Tuesday, November 30, 2010

Things That Make Me Happy

I parked my car at the top of a hill. The ground drops off and travels steeply down where it meets a small stream at the bottom. It is a picturesque place just off the highway and along side the parking lot of the building that I was going to. It's pretty little spot that is mostly hidden from view, unless you park in this lot.

I was sitting in my carr filling out a form for work when I looked up and there was a head coming up from the hill- next came a long black neck, followed by a too large body and finally the webbed feet came into view. A Canada geese. Once he was at the top of the hill, he wagged his tail in triumph. I smiled. Then came another goose who repeated the same pattern. And then another and then another. An entire gaggle. One by one, up the hill they came and as each crested the hill it wagged its tail. I found myself smiling from ear to ear... the human method of tail wagging. 

Monday, November 29, 2010

Melancholy Morning

I cannot describe the solace and comfort that I receive from looking at nature. My father said once "Nature is glorious in all of her mantles." I love that and fully agree and embrace it; nature is beautiful in all seasons. Each has its own mystery. There is great beauty and mystery in every season. I love summer and all verdant lushness that accompanies it. But I was so thrilled when all the leaves were gone from the trees. I felt like an old friend had come to visit, the bones of the trees are fully exposed. The lacey treetops, the squirrel darries, and old bird nests- all exposed. The light pours in my window because there are no leaves to filter it and that light warms my bones. I love the soft browns, mauves and green/grays of the winter palate.

I eat lunch most days under a glorious grandmother sycamore tree, I love that tree. It stands along side a lovely lake called Strawberry Lake. I used to ice skate on this lake when I was just a kid. I didn't notice my sycamore tree then, but I know it was a silent sentinel even then. How many seasons has that tree seen? One just rolls into the next. I find great comfort in that. Eventually, my beloved tree will succumb, eventually, I will succumb too. And yet I find great peace in that, it is as it should be. I am reading a book called Wild Comfort by Kathleen Dean Moore, in in it she says each thing rolls into the next and becomes something else. God is a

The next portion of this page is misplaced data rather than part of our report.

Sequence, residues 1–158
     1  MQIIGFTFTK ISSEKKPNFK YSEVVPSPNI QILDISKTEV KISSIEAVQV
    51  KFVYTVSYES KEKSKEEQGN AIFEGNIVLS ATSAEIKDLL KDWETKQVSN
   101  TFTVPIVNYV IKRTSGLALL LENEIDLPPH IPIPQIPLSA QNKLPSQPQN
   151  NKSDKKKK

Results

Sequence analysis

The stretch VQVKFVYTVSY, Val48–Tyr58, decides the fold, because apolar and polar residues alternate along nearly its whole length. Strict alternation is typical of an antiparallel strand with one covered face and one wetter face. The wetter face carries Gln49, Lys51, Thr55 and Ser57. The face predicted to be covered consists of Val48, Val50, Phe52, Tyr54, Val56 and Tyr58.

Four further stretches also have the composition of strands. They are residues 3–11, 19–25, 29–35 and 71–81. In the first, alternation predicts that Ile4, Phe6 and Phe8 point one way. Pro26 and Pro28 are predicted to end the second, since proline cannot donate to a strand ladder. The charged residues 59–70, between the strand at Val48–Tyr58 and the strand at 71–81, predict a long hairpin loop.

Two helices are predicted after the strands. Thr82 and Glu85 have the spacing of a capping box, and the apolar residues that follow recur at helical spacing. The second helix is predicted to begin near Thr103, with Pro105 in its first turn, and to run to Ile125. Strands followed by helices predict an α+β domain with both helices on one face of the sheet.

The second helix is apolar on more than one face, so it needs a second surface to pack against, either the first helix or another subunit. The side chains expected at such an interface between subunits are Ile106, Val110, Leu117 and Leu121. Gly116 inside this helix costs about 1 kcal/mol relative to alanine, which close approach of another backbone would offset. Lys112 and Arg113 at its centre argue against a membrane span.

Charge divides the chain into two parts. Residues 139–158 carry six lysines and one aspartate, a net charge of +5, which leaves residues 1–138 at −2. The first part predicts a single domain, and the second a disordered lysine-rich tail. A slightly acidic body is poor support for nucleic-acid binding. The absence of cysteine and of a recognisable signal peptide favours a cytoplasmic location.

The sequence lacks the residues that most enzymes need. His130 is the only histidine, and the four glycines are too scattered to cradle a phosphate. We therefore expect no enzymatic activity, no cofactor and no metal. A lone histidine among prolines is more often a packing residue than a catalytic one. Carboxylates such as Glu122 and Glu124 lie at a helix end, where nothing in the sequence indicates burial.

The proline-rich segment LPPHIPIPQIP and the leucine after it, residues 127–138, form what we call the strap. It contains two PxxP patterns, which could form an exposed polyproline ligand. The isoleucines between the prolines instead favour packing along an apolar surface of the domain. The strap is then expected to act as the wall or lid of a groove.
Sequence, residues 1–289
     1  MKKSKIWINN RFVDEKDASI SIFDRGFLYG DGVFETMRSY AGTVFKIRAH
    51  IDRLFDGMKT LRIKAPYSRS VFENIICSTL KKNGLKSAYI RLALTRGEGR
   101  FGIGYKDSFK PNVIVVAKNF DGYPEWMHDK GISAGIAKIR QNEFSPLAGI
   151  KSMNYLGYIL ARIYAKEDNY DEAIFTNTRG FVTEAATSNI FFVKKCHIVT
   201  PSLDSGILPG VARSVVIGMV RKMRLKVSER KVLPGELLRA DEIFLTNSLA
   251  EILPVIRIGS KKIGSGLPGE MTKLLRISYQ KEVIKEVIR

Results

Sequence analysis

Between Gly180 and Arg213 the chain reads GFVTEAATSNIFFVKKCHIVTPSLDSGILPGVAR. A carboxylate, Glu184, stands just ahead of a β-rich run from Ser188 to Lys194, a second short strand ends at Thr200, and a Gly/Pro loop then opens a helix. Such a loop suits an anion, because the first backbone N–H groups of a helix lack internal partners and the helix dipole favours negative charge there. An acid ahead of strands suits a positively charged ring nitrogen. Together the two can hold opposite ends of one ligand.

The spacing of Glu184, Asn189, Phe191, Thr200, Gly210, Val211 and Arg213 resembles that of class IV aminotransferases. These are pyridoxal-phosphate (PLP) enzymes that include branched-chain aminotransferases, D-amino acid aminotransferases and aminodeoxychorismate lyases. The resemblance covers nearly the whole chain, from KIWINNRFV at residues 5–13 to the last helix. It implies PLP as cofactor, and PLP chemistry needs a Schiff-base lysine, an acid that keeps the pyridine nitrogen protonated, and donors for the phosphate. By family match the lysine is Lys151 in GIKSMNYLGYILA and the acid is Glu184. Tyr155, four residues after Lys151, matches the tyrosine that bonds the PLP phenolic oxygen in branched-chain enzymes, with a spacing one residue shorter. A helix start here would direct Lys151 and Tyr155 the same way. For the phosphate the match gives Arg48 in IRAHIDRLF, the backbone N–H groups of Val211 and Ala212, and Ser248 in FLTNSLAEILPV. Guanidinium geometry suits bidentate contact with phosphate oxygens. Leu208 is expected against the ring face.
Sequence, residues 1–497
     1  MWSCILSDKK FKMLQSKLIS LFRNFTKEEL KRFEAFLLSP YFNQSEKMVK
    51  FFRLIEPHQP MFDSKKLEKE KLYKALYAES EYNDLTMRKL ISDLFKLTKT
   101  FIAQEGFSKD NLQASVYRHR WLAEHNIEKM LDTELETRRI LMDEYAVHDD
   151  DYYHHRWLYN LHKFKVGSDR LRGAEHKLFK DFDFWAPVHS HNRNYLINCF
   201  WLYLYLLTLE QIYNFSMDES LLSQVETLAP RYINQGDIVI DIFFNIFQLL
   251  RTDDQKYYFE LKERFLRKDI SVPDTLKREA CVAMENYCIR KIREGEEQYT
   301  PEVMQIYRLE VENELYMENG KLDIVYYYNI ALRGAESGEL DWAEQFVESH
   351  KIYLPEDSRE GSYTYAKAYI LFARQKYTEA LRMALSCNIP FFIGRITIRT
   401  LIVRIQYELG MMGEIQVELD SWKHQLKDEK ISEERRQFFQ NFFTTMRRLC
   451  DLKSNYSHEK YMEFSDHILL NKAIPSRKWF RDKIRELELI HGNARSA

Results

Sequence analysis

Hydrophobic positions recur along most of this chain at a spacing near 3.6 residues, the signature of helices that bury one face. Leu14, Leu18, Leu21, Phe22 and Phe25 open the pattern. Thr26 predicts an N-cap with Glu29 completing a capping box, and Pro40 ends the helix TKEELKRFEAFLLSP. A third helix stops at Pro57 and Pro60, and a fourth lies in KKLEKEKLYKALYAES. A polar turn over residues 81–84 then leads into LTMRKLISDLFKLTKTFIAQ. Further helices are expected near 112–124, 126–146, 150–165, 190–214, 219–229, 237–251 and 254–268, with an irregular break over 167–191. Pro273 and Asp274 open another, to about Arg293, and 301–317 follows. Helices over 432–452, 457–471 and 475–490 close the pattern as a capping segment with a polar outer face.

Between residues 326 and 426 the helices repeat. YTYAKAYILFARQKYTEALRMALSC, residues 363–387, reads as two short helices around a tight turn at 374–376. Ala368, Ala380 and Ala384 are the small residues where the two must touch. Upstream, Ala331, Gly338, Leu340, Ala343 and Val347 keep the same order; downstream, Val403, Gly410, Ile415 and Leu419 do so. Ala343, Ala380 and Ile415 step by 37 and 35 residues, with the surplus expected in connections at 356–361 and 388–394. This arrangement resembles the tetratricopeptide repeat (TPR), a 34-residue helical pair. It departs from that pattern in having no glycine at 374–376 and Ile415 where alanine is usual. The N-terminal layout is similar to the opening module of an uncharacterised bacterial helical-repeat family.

verb, creating and creating and recreating.
Yes, things change, people die, sycamores fall under the axe, historic buildings collapse under the wrecking ball, but this is how it should be. Each thing should give way to the rise of the next thing. If we try to hang on to the old, the comfortable sameness, we stop the flow of God to create, and we suffer. It is far better to allow it to wash over us, experience whatever is, allow it to rise and then fall away. Like Rumi says it is "clearing you out for some new delight."

I am feeling melancholy today. I am enjoying my melancholy. It is very deep and dear. One of my most favorite things in the entire world is to look into the woods. Silly, I know. I love to try to see the mysteries that are hidden in the trees. And in the winter, there are young birch trees that don't loose their leaves, they hang on all winter and drop off in the spring when the new buds push their way through. They are cream colored and stand out so strikingly against the deep brown bark of the older trees. I am delighted by them. That's how I feel about my melancholy, it delights me. I know to tomorrow I will feel another way, but today I am enjoying this.
Wild Comfort: The Solace of Nature